Omri Shafran is Texas Medical Technology’s CEO. The PPE distribution company has been a point of continuous controversy, including possible patent infringement. The case revolves around a machine called iNitrile – a surgical glove donning machine. In this text, we’ll expand on the situation, hoping to inform potentially mislead investors.
Texas Medical Technology’s iNitrile machine is a glove donning device. The machine is a point of controversy and a likely case of patent infringement. Namely, when you look at https://medicalsupplies.technology, a site owned by Texas Medical Technology, you see the machine in the lower right of the header image. The image is different than on iNitrile’s own website. We’ve managed to find out that the original image is of a similar machine IGIN holds the patent to.
If the image is removed, you can use a service like the Wayback Machine, which has a snapshot of the website on March 18, 2021. Texas Medical Technology is promoting its device by showing someone else’s design. The company that actually developed the device has nothing to do with Texas Medical Technology. The case is fairly cut and dry, and should pose a serious concern to investors.
We’d also like you to look at the two promotional videos below:
From the videos, the product looks unfinished. The cuts seem intentionally placed to make the machine seem like it’s working when it’s not. There’s more proof to that, as you’ll see shortly.
iNitrile Production – PI Information
We conversed with a private investigator who found out some vital info about Texas Medical Technology. We’ll present that info as further proof regarding false claims about iNitrile. The statement is from August 2021.
We informed the investor of our intentions and said that we were potential investors. We displayed interest in the glove donning machine and company as a whole. However, as soon as the investigator got the company address, they were familiar with the location. They knew Omri Shafran by name and had knowledge about the company.
Furthermore, the investigator was inside the facility no more than two weeks ago. They found out that Texas Medical Technology’s factory that allegedly employs 50 people isn’t a factory at all. It was a small packaging and shipping facility that employed a fragment of the alleged employees. There were about 30 people working there, mostly packaging and shipping smaller PPE items. That included gloves, masks, and other apparel and equipment.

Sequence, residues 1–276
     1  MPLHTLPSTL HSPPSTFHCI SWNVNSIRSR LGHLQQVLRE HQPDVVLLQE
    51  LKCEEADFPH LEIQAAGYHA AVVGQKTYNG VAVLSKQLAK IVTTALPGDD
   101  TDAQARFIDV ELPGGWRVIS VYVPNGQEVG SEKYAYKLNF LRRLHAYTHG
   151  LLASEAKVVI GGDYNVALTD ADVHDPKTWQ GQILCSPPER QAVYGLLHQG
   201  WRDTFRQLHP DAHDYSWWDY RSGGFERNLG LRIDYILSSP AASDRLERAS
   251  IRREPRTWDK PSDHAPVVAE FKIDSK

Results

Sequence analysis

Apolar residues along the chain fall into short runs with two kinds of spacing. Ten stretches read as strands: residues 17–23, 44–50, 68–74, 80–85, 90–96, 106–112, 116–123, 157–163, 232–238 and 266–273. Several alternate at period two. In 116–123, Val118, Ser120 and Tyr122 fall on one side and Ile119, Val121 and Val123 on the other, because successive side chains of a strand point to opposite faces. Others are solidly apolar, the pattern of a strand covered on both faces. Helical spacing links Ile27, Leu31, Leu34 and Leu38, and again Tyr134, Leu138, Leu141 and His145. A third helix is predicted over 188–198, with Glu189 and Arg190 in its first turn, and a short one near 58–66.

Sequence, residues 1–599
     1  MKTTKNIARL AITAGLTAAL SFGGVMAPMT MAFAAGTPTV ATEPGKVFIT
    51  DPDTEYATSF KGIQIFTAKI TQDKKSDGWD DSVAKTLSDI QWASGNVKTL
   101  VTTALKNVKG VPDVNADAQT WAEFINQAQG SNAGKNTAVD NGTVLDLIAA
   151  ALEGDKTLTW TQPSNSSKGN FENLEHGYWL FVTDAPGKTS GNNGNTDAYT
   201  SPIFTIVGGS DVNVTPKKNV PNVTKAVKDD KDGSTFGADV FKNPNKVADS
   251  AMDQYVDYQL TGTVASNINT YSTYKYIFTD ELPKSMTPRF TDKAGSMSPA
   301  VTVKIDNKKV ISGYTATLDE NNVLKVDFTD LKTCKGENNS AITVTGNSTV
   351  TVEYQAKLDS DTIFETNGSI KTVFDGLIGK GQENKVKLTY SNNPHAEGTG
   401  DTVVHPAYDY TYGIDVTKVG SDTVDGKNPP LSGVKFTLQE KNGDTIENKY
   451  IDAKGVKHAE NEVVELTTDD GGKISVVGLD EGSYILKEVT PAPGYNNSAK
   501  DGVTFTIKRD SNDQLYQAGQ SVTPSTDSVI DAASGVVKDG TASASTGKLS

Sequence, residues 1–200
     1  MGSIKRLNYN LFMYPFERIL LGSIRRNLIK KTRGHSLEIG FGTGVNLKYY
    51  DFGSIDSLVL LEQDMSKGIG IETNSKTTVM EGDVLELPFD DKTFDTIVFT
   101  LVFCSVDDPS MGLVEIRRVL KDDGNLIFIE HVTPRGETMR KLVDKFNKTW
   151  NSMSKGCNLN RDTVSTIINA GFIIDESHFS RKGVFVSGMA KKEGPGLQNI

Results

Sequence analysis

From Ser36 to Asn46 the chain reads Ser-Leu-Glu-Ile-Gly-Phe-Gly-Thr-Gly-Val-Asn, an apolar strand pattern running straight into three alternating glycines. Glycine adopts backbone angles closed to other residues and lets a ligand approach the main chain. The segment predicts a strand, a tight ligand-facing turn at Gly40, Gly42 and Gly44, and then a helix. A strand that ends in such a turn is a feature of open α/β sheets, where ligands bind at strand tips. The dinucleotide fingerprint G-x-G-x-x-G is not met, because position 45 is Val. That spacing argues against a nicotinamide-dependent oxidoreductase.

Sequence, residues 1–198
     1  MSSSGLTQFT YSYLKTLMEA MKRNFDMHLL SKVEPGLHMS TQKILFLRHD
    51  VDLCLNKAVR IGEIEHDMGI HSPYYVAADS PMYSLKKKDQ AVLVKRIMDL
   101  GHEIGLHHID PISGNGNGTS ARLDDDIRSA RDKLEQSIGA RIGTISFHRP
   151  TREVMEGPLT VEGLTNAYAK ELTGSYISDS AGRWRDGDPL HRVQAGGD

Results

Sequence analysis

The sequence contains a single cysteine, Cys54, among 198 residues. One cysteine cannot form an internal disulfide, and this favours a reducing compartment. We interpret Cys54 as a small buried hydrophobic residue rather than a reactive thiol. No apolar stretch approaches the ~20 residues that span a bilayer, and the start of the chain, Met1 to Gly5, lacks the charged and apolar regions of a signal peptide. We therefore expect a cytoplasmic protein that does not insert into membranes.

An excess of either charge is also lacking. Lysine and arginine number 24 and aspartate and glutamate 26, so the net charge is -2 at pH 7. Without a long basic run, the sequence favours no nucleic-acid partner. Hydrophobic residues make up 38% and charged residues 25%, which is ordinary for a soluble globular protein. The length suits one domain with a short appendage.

However, the investigator had no knowledge about any sort of glove donning device. Furthermore, they found it highly unlikely that the company even had the means of producing such a device. The machine or any part of it was absent, and so was any sort of production or assembly.
$33 Million Already Invested
Another questionable point is the $33 million the company states it’s gathered in investments. With no machine and poor promotional videos, we doubt that’s possible. However, the company entered a cooperation with Proguardeum INC in February 2021. It’s possible that Texas Medical Tech is presenting its deal earnings as investments. Naturally, that’d be an obvious attempt at feigning interest from investors.
We should also notice that Texas Medical Technology is creating a false online presence. You can find multiple unmarked promotional articles with half-true or outright false claims. They do this in tandem with their PR company called Reblonde.
Conclusion – Be Careful
Not only is Shafran’s company possibly stealing a patent, but they’re also lying about the development. While marketing the machine as nearly ready to go, there are doubts about the existence of even a functional prototype. It’s worth noting that Shafran has two other people who regularly cooperate with him, called Jad Shraim and Dimitri Menin. All three are in on the scam, making investing in either of their past, current, or future projects a bad idea. Always be careful about the things you invest in, as there are a lot of scammers peddling fake products and services.